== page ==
Everything you do folds into everything else you do. Each moment of your life you are acting or reacting to other things, it is up to each of us to make the best out of what we have available to us.
The other day as my girlfriend and I were cleaning our house, we dragged a bunch of stuff out and cleaned up the bedroom, I worked on my office and we had decided to take a break, the following day in an effort to drum up some more inspiration to continue the cleaning project, she went to go clean my truck as how dirty it has gotten has begun to bother her. While she did this I went to work on some projects for Salt + Iron and she pulled this pink towel I’ve had for years out of a box. In it’s past life I’ve used it to wrap my consoles in when I brought them to other places. Since I’ve moved out and purchased a laptop, that isn’t necessary any more and It’s laid in the bottom of a backpack for a number of months. She asked if she could cut it up when she was cleaning and use the scraps as rags.
She went ahead and did it as I continued about my day and later that evening I went shopping with my mom, just to spend some time with her and talk about future plans for my life and my business and to get in some quality momma bear time. When we got back I invited her up to the apartment so that she could look over what we had been talking about and we talked about it briefly. Before she left, she noticed the towel still on the plastic table in our living room and turned to me. Her voice almost quivering as she asked me.
“Did you guys cut this up?”
I nodded and said yes, when she told me that it was a wedding present from her brother. 30+ years she had held on to that towel and the rest of the set he had gifted him, long after Montie had passed away and she had shared the stories of his life with her.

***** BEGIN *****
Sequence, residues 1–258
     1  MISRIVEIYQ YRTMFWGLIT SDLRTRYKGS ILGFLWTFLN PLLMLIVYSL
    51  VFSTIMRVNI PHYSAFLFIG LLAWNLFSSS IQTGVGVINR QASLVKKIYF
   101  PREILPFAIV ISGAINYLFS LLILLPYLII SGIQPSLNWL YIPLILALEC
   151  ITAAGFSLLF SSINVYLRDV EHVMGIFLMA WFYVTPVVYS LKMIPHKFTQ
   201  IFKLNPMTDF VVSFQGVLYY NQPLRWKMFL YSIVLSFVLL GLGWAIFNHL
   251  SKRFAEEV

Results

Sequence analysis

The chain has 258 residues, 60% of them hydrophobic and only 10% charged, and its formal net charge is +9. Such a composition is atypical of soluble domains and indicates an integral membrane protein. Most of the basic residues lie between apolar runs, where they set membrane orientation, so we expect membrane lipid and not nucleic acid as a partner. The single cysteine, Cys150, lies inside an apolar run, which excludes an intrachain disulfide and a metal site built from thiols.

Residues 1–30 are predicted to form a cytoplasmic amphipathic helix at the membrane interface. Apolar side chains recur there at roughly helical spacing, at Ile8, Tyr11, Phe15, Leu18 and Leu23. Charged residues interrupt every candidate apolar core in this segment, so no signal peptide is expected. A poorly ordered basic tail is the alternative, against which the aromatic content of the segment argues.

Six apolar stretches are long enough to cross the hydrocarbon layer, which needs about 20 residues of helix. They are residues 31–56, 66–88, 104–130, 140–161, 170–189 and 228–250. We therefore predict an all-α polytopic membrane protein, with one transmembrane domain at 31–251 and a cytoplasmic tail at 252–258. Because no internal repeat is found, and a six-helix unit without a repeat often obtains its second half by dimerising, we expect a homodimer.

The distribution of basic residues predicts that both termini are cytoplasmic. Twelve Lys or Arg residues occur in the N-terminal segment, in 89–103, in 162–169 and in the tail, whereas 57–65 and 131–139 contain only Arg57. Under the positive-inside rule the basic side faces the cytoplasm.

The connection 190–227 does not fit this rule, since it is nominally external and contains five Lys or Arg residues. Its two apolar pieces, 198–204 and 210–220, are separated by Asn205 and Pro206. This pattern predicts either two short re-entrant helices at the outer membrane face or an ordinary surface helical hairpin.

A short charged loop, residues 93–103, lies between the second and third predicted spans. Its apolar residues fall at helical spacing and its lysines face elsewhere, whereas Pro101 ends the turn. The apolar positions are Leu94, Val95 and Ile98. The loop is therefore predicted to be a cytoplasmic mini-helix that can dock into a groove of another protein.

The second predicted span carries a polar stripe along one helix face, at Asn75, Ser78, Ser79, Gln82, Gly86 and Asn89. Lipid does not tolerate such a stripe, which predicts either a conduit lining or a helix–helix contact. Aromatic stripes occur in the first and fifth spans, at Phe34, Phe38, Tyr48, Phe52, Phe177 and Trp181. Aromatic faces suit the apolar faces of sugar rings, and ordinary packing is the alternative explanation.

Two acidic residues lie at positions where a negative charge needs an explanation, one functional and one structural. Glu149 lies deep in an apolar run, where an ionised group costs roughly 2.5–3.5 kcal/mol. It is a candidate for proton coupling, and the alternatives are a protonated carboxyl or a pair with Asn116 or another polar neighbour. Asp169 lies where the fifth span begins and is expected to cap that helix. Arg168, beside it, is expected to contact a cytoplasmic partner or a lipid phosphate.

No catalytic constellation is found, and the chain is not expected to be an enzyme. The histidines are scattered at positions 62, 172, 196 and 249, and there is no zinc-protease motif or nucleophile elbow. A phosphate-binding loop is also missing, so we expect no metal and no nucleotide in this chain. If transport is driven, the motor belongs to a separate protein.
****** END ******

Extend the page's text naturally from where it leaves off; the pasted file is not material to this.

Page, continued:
As she was explaining that it was a gift from my late uncle I felt a sudden burst of anger, a feeling that I should have known better. That I should have had my girlfriend rip up a different towel, or a T-shirt I don’t wear anymore. Anything but that towel.
I apologized immediately, furious with myself because I should have known better. There was a reason I dragged it around with me and didn’t ever get rid of it. I should have trusted my instincts. I didn’t, because I didn’t remember. I didn’t recall the importance of the towel, if any resided within the cotton still. I had no idea why I dragged it around, assuming at the time that it was just there because it was ratty and old and I didn’t feel a need to use it for drying myself off anymore.
Still, I apologized. Knowing how much small things mean to me, I could only imagine what it meant to my mother that these towels would remain intact. It was a physical representation of her brother and I had given my girlfriend the go ahead to slice them up.
After momma left the apartment I talked to my girl about it, she was really upset that we had ruined something that held so much intrinsic value to my mom. I was upset too, and somewhere in my heart there was this thing tugging at me, knowing the feeling of making a mistake as it clawed at the inside of my head.
I returned to my office to continue working and sat down at my desk, unable to focus on my work. It was a towel, of course, it was silly, but it wasn’t just the fact that it was a towel. Just like my grandfather’s pocket knife. It wasn’t just a knife. It was my grandpa’s. I try to take delicate care of those things in my life, because I know how much the memory means to me. I don’t often keep pictures. I keep fragments of memories that rest in shelves or in cases, between the pages of books that tell stories of my grandfather and my friends. The concerts I’ve been to reborn as bookmarks to keep the new stories I read wrapped tightly within memories. The shirts I wore to concerts worn down to slivered threads with each wash as I keep them and drag them to shreds, remembering what I did as I wore them. Hats and beanies my mother have made stick on a rack until I need them again to hold my unkempt hair together.